The village of Ninstints (Nans Dins) is located on a small island off the west coast of the Queen Charlotte Islands (Haida Gwaii). Remains of houses, together with carved mortuary and memorial poles, illustrate the Haida people’s art and way of life. The site commemorates the living culture of the Haida people and their relationship to the land and sea, and offers a visual key to their oral traditions.
Outstanding Universal Value
On the island of SG̱ang Gwaay, the remains of large cedar long houses, together with a number of carved mortuary and memorial poles at the village of SG̱ang Gwaay Llnagaay (formerly Nan Sdins), illustrate the art and way of life of the Haida. The property commemorates the living culture of the Haidaand their relationship with the land and sea. It also offers a visual key to their oral traditions. The village of SG̱ang Gwaay was occupied until shortly after 1880. What survives is unique in the world, a 19th-century Haida village where the ruins of houses and memorial or mortuary poles illustrate the power and artistry of Haida society.
Criterion (iii): SG̱ang Gwaay bears unique testimony to the culture of the Haida. The art represented by the carved poles at SG̱ang Gwaay Llnagaay (Nan Sdins) is recognized to be among the finest examples of its type in the world.
The property is wholly contained within the natural boundaries of the island on which all remains are located, thus ensuring the complete representation of the features and processes that convey the property’s significance. There is some degradation of the ruins and mortuary poles due to natural processes, but the property is protected from adverse effects of human development and invasive species. There has been no permanent settlement on the property since the early 19th century.
While no formal buffer zone is associated with this property, it is within the 147,000 ha Gwaii Haanas National Park Reserve and Haida Heritage Site (created in 1993) and the Gwaii Haanas National Marine Conservation Area Reserve and Haida Heritage Site (created in 2010).
SG̱ang Gwaay is unquestionably authentic in terms of its location and setting, forms and designs, materials and substances as well as spirit and feeling. The property is an authentic illustration of the evolving Haida culture, as can be seen in the relationships between the forms and designs of the art and structures at the property, and contemporary Haida art. The property continues to hold significant spiritual value for the Haida and is still used today.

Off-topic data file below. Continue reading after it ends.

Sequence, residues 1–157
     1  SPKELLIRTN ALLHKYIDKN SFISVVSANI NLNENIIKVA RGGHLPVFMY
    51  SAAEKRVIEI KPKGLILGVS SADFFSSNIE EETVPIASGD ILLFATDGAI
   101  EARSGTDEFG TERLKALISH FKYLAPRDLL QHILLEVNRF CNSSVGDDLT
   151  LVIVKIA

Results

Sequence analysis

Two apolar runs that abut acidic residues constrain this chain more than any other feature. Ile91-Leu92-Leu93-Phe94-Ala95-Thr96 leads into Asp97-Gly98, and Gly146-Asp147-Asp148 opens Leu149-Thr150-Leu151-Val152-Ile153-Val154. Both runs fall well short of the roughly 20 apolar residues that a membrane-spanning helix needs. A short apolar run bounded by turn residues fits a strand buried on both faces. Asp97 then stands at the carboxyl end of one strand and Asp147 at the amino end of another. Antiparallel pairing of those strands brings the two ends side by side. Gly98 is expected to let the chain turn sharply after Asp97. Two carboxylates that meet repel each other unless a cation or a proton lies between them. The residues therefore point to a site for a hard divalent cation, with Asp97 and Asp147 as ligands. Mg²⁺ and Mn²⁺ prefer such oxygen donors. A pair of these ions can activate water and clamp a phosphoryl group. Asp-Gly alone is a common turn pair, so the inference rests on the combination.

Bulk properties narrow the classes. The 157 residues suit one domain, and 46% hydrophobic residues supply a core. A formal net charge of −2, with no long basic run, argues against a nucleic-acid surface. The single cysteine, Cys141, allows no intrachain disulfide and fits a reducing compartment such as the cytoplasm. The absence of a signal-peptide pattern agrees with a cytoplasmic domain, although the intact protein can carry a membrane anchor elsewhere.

After consultation with chiefs and elders, in 1995 four poles were straightened and stabilized and in 1997 an additional pole was stabilized in an effort to prolong the period before they return naturally to the earth. Identified and potential threats to the authenticity of the property include the general decomposition of the cedar poles and house remains, the impact of deer on the in-situ artefacts (the situation is reviewed on a regular basis and culling happens as required), and unsupervised visitors who may inadvertently damage the fragile cultural resources by touching or walking on them.
Protection and management requirements
SG̱ang Gwaay is commemorated by the Government of Canada as a National Historic Site (1981) and is protected under the Constitution of the Haida Nation (2003), the Canada National Parks Act (2000), and related management systems. Situated within the boundaries of the Gwaii Haanas National Park Reserve and Haida Heritage Site, the property is cooperatively managed by the Government of Canada and the Council of the Haida Nation. Cultural resource management requirements for the property are currently addressed under the management plan for the entire Gwaii Haanas National Park Reserve and Haida Heritage Site (2008).
An Archipelago Management Board (AMB), comprised of Haida and Government of Canada representatives, determines all operational, planning and management actions, using a consensus-based decision-making model. The AMB examines all initiatives and undertakings related to the planning, operation, and management of SG̱ang Gwaay. The Haida Hereditary Leaders have moral authority over the village sites and are consulted; solutions are based on advice provided by the Haida Hereditary Leaders. The Haida Gwaii Watchmen Program of site guardians and guides is managed by the Skidegate Band Council and is an essential part of the management structure.
Special attention will be given over the long term to monitoring and taking appropriate actions related to a number of factors in and near the property. Specifically, these include the following: potential impacts of climate change; potential building development; marine pollution; local conditions affecting physical fabric including wind, humidity, and temperature; impacts of tourism, visitation and recreational activities; deliberate destruction of heritage; effects of climate change and severe weather; possible sudden ecological and geological events; and invasive species.
- World Heritage in Canada (Parks Canada)
- Gwaii Haanas National Park Reserve, National Marine Conservation Area Reserve, and Haida Heritage Site
- SGaang Gwaii (Parks Canada)
- Report on the State of Conservation (Parks Canada)